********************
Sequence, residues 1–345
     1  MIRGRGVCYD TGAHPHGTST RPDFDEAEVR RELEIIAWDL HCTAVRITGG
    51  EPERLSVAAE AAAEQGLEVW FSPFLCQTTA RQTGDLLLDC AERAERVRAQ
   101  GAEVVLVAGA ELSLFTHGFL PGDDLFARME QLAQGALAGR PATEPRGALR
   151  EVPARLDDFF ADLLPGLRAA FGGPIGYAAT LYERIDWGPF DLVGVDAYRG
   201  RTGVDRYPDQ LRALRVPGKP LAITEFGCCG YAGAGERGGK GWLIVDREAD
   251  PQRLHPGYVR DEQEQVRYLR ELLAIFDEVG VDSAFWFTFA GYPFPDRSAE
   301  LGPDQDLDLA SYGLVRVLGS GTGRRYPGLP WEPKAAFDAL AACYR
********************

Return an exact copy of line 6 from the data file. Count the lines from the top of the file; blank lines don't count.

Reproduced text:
   201  RTGVDRYPDQ LRALRVPGKP LAITEFGCCG YAGAGERGGK GWLIVDREAD